Mines Mills and Metro The Belgian Vicinal Train Video
Mines, Mills, and Metro: The Belgian Vicinal shows highlights of the extensive network of country trolley and light metro routes once operated by the Belgian Vicinal in the vicinity of Charleroi. This system was popular among American trolley fans because of its incredible variety in operations and right-of-way, and a strong resemblance to some of the longest-lived interurbans of Pennsylvania, the West Penn and the Lehigh Valley Transit.
Our ride on the 66-mile network of 6 routes in September, 1984, is like a trip back in time to Western Pennsylvania in the 1950s. Since then, two-thirds of the trackage shown in this DVD has been closed. Although you can still ride the new articulated light rail cars through the tunnels, over the viaducts, and along the private reservation of the new light metro, this video is the only way to see the pre-war cars rumble along single track through the narrow streets of old coal and steel towns, past abandoned mines and closed mills on roadside reservation, or across fields and along the canals on private right of way.
The new DVD version has a scrollable track map.
- TVD Avg Rating:
- 4.5 of 5 (2)
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|Runtime:||1 Hour, 30 Mins|
|Producer:||Transit Gloria Mundi|
|Aspect Ratio:||Full Screen|
|Region Code:||0 Worldwide NTSC|
streetcarguy97 (Massachusetts) on 2015-04-26 05:57:43.
very interesting system. I have seen a lot of traction cab rides and this one is unique. I don't know if it's like the old Pennsylvania trolley systems but it's an amazing system!
Additional remarks by streetcarguy97:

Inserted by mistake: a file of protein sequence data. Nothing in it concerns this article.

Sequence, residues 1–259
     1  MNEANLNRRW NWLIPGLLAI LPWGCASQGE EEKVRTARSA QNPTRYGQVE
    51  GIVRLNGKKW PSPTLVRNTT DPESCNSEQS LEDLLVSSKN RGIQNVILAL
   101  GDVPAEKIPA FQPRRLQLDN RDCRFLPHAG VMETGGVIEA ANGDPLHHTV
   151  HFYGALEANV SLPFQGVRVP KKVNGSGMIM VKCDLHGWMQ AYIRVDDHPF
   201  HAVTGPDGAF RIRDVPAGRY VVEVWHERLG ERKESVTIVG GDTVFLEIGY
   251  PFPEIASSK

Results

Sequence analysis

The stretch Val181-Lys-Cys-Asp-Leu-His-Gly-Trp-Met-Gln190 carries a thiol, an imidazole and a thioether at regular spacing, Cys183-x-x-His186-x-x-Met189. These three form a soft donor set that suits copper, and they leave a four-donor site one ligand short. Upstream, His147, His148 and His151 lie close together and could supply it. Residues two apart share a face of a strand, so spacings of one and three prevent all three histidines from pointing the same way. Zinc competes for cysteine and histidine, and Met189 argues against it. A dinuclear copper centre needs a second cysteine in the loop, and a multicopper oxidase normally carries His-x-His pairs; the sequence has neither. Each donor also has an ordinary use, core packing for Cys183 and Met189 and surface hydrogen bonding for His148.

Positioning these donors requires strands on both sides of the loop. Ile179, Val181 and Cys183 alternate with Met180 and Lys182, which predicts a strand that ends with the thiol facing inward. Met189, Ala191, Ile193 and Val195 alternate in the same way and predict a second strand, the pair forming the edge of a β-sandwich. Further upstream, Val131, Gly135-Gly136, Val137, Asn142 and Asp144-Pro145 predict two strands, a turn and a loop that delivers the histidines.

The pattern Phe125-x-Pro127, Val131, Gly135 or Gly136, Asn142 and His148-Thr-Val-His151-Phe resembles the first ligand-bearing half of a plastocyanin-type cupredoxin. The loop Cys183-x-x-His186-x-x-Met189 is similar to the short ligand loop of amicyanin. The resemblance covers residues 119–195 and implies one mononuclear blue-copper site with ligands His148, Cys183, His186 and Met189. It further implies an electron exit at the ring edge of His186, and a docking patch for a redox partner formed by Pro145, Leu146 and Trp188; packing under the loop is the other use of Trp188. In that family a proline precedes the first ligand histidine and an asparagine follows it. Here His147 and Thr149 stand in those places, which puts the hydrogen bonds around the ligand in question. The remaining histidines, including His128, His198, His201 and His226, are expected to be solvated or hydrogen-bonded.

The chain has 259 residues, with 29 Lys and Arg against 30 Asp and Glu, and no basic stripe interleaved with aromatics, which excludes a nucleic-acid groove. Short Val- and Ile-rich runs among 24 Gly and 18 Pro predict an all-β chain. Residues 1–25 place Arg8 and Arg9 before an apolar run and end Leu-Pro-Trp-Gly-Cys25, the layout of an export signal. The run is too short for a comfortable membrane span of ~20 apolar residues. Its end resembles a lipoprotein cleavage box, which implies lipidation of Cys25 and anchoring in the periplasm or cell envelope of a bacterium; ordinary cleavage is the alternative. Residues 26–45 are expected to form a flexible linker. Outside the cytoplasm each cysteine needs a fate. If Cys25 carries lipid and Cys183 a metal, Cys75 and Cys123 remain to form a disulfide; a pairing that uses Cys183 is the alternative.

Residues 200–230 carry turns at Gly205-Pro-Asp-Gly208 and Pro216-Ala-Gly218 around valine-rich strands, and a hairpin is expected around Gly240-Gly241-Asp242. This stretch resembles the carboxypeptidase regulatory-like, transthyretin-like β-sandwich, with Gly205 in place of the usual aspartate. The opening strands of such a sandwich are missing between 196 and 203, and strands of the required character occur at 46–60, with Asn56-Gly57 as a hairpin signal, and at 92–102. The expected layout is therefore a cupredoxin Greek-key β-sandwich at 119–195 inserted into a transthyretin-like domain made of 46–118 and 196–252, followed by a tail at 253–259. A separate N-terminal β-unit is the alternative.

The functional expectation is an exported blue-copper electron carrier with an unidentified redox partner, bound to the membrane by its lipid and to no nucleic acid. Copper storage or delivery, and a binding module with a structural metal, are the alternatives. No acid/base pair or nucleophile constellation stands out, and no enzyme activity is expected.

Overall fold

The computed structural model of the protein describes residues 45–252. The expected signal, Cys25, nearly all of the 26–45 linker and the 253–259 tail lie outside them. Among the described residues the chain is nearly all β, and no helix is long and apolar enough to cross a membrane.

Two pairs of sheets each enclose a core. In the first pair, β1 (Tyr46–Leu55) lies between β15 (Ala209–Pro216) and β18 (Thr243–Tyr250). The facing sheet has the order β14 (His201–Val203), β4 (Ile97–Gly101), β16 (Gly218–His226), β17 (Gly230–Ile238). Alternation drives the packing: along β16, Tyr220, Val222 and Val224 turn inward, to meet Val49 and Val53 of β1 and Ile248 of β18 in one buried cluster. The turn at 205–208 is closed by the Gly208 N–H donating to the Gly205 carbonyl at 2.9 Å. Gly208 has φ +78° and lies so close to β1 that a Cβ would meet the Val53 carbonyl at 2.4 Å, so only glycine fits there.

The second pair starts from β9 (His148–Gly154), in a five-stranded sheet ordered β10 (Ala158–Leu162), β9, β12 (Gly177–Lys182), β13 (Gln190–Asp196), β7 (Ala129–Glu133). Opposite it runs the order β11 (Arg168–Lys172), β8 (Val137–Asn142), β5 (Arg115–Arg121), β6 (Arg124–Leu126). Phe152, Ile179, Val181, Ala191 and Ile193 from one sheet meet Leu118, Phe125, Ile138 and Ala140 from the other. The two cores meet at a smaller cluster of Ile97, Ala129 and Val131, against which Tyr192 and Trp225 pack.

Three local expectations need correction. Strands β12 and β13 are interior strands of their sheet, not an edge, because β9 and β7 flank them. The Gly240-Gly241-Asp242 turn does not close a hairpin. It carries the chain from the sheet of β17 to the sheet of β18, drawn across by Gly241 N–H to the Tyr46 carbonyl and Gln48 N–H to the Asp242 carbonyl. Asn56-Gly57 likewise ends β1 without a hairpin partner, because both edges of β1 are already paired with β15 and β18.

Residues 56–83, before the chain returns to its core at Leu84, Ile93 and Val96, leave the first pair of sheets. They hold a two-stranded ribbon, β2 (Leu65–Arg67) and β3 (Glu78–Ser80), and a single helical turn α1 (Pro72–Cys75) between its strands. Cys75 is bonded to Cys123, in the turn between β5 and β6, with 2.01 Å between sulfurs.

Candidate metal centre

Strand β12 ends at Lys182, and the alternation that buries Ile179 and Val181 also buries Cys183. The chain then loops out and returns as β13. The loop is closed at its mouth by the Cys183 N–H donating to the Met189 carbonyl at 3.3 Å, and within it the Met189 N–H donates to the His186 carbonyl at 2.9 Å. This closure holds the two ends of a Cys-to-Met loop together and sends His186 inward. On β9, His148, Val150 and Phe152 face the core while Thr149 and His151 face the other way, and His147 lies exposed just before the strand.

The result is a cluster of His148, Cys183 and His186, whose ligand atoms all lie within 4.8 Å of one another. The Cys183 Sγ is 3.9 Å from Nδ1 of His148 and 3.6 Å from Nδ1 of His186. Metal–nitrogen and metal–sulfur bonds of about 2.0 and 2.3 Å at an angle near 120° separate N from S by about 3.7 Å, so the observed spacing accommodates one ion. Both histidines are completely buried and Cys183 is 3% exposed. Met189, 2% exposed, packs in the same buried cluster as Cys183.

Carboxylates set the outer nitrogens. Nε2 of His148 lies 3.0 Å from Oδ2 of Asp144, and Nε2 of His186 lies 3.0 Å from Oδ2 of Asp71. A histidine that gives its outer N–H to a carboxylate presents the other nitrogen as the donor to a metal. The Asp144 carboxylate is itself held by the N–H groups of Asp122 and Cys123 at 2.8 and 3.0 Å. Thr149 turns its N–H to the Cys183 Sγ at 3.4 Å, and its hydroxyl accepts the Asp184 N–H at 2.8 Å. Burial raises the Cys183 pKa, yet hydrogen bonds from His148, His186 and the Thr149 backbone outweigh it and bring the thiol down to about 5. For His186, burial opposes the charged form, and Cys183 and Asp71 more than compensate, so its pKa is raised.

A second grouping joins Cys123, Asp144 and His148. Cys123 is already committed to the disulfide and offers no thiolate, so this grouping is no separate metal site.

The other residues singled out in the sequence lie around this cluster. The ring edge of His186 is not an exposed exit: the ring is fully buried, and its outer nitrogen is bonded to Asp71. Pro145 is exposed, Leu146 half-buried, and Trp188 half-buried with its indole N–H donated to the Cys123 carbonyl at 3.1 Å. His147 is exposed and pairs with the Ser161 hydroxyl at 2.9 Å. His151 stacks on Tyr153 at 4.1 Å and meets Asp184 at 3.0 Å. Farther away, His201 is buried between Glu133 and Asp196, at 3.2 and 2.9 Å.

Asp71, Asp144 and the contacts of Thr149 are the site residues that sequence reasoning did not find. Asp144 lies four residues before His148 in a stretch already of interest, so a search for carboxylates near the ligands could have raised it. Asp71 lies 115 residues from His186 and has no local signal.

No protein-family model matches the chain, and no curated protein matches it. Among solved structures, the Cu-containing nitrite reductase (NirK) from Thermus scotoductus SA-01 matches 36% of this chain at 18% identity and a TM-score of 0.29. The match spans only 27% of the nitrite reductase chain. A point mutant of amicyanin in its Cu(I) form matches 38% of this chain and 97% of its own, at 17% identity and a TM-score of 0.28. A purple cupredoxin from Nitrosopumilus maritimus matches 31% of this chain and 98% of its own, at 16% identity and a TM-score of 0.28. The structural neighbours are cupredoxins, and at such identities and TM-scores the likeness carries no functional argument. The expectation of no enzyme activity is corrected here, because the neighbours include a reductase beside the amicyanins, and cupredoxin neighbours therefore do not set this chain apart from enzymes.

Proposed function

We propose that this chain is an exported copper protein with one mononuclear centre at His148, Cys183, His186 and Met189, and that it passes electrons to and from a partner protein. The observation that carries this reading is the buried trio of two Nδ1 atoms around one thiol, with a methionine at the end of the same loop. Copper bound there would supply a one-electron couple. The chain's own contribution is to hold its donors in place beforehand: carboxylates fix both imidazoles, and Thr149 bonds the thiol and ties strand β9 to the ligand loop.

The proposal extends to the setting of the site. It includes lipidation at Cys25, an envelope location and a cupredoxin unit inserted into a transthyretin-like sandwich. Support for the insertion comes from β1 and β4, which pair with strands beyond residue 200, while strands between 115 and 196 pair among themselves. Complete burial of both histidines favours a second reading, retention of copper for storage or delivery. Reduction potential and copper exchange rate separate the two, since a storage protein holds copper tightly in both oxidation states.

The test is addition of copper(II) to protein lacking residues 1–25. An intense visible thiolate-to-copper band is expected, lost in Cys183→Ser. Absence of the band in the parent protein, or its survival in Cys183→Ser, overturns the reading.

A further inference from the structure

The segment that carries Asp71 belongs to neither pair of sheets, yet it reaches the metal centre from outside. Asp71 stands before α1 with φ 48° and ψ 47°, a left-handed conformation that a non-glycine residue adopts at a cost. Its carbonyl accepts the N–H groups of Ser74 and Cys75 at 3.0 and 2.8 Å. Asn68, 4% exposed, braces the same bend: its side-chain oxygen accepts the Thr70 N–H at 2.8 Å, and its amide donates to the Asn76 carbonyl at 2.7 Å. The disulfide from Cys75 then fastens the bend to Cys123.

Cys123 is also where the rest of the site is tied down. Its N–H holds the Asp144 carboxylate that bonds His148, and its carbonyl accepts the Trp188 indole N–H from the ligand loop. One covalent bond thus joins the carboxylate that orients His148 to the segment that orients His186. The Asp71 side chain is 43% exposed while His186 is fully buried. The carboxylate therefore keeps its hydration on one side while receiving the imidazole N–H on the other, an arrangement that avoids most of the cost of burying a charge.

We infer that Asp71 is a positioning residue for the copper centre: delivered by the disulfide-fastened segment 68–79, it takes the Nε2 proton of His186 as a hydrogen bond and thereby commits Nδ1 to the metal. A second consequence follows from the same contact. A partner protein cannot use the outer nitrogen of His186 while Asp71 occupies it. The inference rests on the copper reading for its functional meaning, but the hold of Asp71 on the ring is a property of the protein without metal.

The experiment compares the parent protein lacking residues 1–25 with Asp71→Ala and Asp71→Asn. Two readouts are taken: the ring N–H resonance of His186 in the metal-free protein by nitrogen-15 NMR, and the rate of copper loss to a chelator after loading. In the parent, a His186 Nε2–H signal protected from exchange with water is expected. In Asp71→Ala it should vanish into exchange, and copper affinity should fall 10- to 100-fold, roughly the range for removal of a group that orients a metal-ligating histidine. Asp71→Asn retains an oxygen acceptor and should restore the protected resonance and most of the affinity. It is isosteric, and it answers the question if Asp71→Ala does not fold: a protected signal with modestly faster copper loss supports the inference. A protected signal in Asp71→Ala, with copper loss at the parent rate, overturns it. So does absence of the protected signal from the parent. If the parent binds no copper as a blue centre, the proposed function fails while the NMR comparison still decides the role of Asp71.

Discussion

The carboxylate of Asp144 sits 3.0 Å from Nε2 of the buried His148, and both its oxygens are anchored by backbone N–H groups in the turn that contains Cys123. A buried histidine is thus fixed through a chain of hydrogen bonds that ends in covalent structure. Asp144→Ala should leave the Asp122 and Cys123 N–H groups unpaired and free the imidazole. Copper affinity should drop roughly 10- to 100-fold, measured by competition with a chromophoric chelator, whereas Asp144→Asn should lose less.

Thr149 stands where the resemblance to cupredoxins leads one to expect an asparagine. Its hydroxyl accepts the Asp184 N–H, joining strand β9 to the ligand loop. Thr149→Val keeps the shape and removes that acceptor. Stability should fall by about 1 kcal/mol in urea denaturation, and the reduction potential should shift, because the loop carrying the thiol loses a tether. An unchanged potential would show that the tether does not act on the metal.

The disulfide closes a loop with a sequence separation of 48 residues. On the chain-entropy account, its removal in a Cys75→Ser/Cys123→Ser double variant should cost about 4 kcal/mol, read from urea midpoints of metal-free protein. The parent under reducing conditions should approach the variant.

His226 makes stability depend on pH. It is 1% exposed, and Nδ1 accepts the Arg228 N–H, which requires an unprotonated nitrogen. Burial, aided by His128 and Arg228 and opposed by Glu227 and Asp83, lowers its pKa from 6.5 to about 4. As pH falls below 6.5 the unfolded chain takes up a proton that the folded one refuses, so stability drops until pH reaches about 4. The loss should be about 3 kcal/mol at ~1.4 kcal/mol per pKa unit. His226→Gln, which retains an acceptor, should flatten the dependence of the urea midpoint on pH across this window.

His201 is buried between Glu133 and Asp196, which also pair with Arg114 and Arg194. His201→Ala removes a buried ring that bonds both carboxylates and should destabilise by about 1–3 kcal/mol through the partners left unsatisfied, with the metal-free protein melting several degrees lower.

Narration: Could have used more.
Would kids enjoy this? Maybe.
Image quality: Good.
DVD Value:: Fair.
Recommend to others? Yes.
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wvd007 on 2010-04-08 17:03:45.
Having been in the region of Charleroi in Belgium many times, this was a ride down memory lane. Image quality is what you might expect from the early days of video. Colours a bit iffy, sharpness so-so, but the point is: these images at least exist! If the makers had waited until video had come of age (with the advent of the digital HD video cameras I'd finally be inclined to admit that that has happened) then we would have had only the modern stretch that survived. Ideally, it would have been shot on film, but film was a really major expense compared to video. Again: we would have ended up with much less - or even nothing.
The balance between cab-shots and line-side shots leans rather heavily towards cab-shots. But there is plenty to enjoy all the same. Ah - should explain: I'm no major fan of the school of railway filming that puts a camera next to the driver, lets loose and dumps it on to DVD. A bit too easy. This DVD was much more valuable in that quite a number of line-side shots augmented the driver's view.
The line segments were neatly edited in track order, and the many maps shown (and especially the big one separately put on the DVD as a large image) were invaluable.
All in all: a very good effort, and very worthwhile.
Additional remarks by wvd007:
Narration: Just enough.
Would kids enjoy this? I doubt it.
Image quality: A little rough around the edges.
DVD Value: Good Value
Recommend to others? Not unless they REALLY were interested in the subject matter.
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